Managing Investment Risk

Managing Investment Risk

How can we successfully manage investment risk? Consider applying the principles of risk management discussed in our article entitled “Four Ways to Manage Risk.” Avoiding Investment Risk We should completely avoid high severity risks that are likely to occur, such as the risk of losing all of our money through gambling or investing in penny stocks. If you feel compelled to gamble for entertainment purposes, just be sure to do so only with however much you would be willing to flush down the toilet. Don’t make it your retirement savings strategy. I am opposed to gambling even for entertainment, though, because it can be very addictive and destructive, and it goes completely against the principles of wise stewardship. Reducing Investment Risk We can reduce investment risk through diversification, which means that we do not put all of our eggs in one basket. Many people who think they are well-diversified really are not. For example, I have met several people who think they are very well-diversified because all of their investments are in U.S. large-cap growth stock mutual funds with a variety of fund families. Typically they are shocked when I point out that most of these funds are actually investing in the same 100 or so stocks, and that many of these stocks are very similar to each other in nature. Sure, they are more diversified than if they were investing all in one stock, but true diversification would include a much larger variety of characteristics, such as geographic areas, sizes of companies, growth stages of companies, types of products or services provided (i.e. financial services, health care, technology, consumer...
Pay Off Debt or Invest For the Future?

Pay Off Debt or Invest For the Future?

Often people ask me whether they should pay off all debts before saving for the future or save first in hopes of earning a higher return on investments than they are paying in interest on debts. This is an age-old debate, and I have heard convincing arguments from Financial Advisors on both sides. The “Pay Off Debt” Argument Some advisors recommend that we liquidate all of our savings and investments except a very small amount, even as low as $1,000, to immediately pay down as much debt as possible. Then they recommend that we use every discretionary penny from each paycheck to eliminate the remaining debts as quickly as possible. After we are completely debt-free, then we can start saving and investing for the future. I admire people who are disciplined enough to follow this extremely aggressive strategy, but it is risky because it does not leave an adequate safety cushion. A $1,000 savings account would not be enough to cover unemployment, major unexpected expenses, or serious extended illness. What would happen to my house if I could not make my mortgage payment for six months due to unemployment? Would the bank cut me any slack because I had been paying them extra for the past year in hopes of paying my mortgage off sooner? Not likely. We should always maintain at least three to six months of living expenses in liquid savings, even if we have debt. The “Invest it All” Argument On the other extreme, some people recommend borrowing as much as the banks will allow and investing it all because they declare we can make more...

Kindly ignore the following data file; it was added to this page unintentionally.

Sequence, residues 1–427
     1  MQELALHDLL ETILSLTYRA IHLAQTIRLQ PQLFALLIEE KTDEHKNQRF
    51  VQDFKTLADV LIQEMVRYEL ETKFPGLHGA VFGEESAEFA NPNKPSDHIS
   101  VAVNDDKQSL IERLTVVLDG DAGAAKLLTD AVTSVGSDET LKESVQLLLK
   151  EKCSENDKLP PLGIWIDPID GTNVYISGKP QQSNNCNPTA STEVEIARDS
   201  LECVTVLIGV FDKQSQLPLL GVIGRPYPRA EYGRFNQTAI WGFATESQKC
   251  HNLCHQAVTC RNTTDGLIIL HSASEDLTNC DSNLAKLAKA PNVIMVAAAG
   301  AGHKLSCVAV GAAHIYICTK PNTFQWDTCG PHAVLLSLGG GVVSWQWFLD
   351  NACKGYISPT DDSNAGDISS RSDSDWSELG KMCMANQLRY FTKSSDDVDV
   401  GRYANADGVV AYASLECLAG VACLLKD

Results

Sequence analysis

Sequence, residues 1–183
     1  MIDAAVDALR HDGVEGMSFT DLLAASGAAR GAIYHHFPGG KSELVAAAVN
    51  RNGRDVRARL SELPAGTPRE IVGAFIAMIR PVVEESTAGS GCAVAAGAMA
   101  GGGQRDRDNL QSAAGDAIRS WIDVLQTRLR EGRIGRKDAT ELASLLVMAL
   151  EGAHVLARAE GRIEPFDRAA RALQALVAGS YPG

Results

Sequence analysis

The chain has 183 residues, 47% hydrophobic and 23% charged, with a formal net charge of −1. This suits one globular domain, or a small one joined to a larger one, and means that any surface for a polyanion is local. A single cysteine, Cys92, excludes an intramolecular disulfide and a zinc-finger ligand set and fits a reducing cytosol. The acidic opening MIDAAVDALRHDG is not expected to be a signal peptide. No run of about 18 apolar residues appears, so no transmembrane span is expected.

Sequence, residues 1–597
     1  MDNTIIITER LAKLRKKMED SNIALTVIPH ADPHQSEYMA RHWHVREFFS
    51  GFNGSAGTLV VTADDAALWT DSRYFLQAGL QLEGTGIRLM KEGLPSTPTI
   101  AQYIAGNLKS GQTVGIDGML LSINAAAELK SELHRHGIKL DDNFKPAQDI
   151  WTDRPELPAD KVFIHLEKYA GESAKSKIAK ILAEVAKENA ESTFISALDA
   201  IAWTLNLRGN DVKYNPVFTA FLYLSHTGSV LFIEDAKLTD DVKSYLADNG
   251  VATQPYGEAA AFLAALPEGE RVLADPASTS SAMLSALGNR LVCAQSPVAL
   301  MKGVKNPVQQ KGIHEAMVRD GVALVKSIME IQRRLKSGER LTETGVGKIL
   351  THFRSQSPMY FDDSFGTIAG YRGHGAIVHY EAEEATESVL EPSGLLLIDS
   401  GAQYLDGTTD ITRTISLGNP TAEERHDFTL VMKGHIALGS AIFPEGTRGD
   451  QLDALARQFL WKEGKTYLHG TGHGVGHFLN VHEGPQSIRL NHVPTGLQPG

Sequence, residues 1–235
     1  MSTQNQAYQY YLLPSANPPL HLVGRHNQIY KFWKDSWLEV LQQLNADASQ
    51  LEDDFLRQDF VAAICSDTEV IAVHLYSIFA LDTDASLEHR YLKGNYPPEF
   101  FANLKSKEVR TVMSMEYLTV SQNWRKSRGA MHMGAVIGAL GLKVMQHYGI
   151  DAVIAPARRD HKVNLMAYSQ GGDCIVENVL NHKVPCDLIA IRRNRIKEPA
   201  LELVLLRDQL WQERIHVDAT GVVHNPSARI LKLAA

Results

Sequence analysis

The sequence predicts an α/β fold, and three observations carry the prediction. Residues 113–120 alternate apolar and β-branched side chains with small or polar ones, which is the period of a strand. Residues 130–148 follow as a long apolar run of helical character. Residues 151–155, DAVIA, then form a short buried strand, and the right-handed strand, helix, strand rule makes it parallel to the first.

Where Should We Put Our Money?

Where Should We Put Our Money?

Although the amount we save is likely to have a bigger impact on our well-being than how we invest our money, we still need to invest it wisely. Choosing among the myriad of savings and investment options available can be overwhelming. How can we know where is the best place to put our money? Here’s some perspective from an investment advisor. Everybody Wants to “Help” You Invest. Countless financial institutions are constantly clamoring for us to park a piece of our pie with them. Why? That is how they make money. Unless we bury our money in the backyard, someone is going to make money off of our money no matter where we park it, even if it merely sits in a bank account. This is not a problem as long as we receive the benefits we expect in return. In order to be sure that the financial institutions meet our objectives and not just their own, we must be clear about what we are trying to accomplish with each dollar we deposit. My motto for savings and investment advice is “safety before speed.” Would you buy a car that can go from zero to sixty miles per hour in less than three seconds if it were not also equipped with excellent brakes, seat belts, and air bags? The potential rate of acceleration is much less important than the ability to avoid or minimize the impact of a crash. Without the safety elements, you may never reach your destination, no matter how fast you can go. Money works the same way. Many people lose the opportunity to be financially...